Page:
No winners in continued Israel-Palestine standoff
Football has transcended race, religion and culture over the last century
Football has transcended race, religion and culture over the last century. The global game can tear down borders, end feuds and even mend relationships after war.
But the attempts between Israel, Palestine, and mediators FIFA, to create dialogue over what Palestine perceives to be ‘rampant racism’ and measures against the territory that harps back to Apartheid.
Palestine Football Association president Jibril al-Rajoub has been outspoken towards Israel’s restrictions on the development of football in the state. Israel has prevented border crossings, affecting team preparation, as well as, preventing equipment entering Palestine.
The stance of outgoing president Sepp Blatter is clear - the matters should be addressed by the two football federations in question of Israel and Palestine. Blatter visited both camps before the 65th FIFA Congress when the Palestine Football Federation (PFF) President Rajoub dropped a motion for Israel to be suspended.
Nevertheless, Palestine’s frustration at Israel remains pertinent. As FIFA confirmed in June, former South African government minister Tokyo Sexwale will lead a monitoring committee to ‘oversee issues affecting the development of football in Palestine.’
“From his own experiences and expertise in community reconciliation and conflict resolution in South Africa, we believe Mr Sexwale is well placed to help improve access for football in the Palestinian Territories,” Blatter said in an official statement.
Given the stagnant political negotiations between the two countries, Palestine has taken its case into the milieu of football. The state has made sizeable leaps forward in recent years, an accession into FIFA paving the way for Palestine to compete at an international level.
In January, Palestine competed at the AFC Asian Cup for the first time. With increasing sporting success, despite the restrictions of Israel, the case for Palestine to be acknowledged at a sovereign state with the same opportunities as its neighbor is center to international football politics.
In 2007, as James Dorsey writes, FIFA forced the Palestinians to forfeit a World Cup qualifier after Israel refused visas for 18 players. Eight years later, Rajoub tabled the motion more than 200 FIFA confederations for Israel to be suspended for breaking the organization’s statutes.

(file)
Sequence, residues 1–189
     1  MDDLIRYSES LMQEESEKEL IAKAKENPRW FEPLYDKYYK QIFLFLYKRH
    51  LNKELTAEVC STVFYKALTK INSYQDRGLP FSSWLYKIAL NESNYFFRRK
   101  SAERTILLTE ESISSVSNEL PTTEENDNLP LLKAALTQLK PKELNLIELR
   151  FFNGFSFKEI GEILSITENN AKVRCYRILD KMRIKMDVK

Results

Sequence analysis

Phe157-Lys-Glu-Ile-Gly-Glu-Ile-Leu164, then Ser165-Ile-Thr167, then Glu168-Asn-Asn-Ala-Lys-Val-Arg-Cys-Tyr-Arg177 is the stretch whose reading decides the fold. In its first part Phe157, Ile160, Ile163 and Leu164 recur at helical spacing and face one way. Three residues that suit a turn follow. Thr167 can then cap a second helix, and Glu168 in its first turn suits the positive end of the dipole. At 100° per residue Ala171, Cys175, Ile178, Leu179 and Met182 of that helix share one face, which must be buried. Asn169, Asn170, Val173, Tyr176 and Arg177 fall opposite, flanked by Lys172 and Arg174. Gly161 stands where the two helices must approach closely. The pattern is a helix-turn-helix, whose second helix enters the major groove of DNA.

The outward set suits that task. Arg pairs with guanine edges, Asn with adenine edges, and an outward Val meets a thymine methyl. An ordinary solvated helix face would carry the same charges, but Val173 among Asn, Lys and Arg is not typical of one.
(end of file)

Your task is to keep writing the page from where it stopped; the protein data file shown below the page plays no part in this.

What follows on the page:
“Our call to suspend the Israeli Football Association from FIFA comes after nearly three years of a failed mechanism to secure meaningful and substantial commitments from the Israeli side, where oppression and discrimination against Palestinian sports in general, and football in particular, have remained unchanged,” the Palestine FA writes.
Rajoub claimed there was support from countries like Oman and Egypt, while many other Arab nations would have thrown their weight behind the proposal. In the words of Blatter, the decision to drop the motion shows the Palestinians have a ‘big-heart,’ yet it merely allows the feud to continue under the shadow of FIFA’s own corruption case.
Stale for Israel
Amid political lobbying and one-upmanship, some Israeli media have claimed victory on the FIFA front. But that is to ignore a crucial facet of the debate: sport is the only vehicle capable of mending broken relationships.
By merely postponing the inevitable, the issue around Israel’s future within the world’s governing association will rumble on - should appropriate measures to cooperate with Palestine’s football federation not progress substantially.
A caution this time round could become a red card next time, writes one Israeli columnist. And correctly, the lingering doubt over Israel’s future, leaving the debate open to chance, means the country’s federation is vulnerable to expulsion.
Prior to the 1940s, Israel’s voice was heard through the Palestinian federation. A new body was formed in 1952 following Israel’s establishment as an independent territory.
Amid rising tension around the three-week Ramadan War, Israel was ostracized from the AFC in 1974. Many Arab nations opposed competing against Israel and so, began the country’s nomadic existence.
First, there was attempts to join Oceania’s football confederation - they remained a FIFA member - and then Europe. In 1992, Israel became an official member of UEFA, Europe’s football association.
One other interesting dynamic is the successor of President Blatter. For all his flaws, Blatter has been instrumental in forcing regional dialogue between the parties and facilitating growth in Palestine football through FIFA’s own development program.
But when Blatter steps down from power, the future of Israel’s relationship with FIFA could be under threat. One of the leading candidates is Prince-Ali bin Hussein of Jordan, one of the members who have reportedly supported Rajoub’s demands.
On the contrary, the appointment of a European candidate would likely see a more diplomatic solution to ensure peace between the opposite sides who are at continued loggerheads.
“We will continue to fight the Israeli racist policies against the Palestinian sport family, through FIFA, the Olympics, the Human Rights Council and the UN,” Rajoub insists. “We will not stop our efforts until we have the right to enjoy the Olympic Charter, the statutes of FIFA, as any other sports family all over the world. This is a fundamental right for our people.”
If Rajoub is true to his word, this tussle at FIFA HQ could rumble on long after the world's governing body has overcome a crisis of its own.
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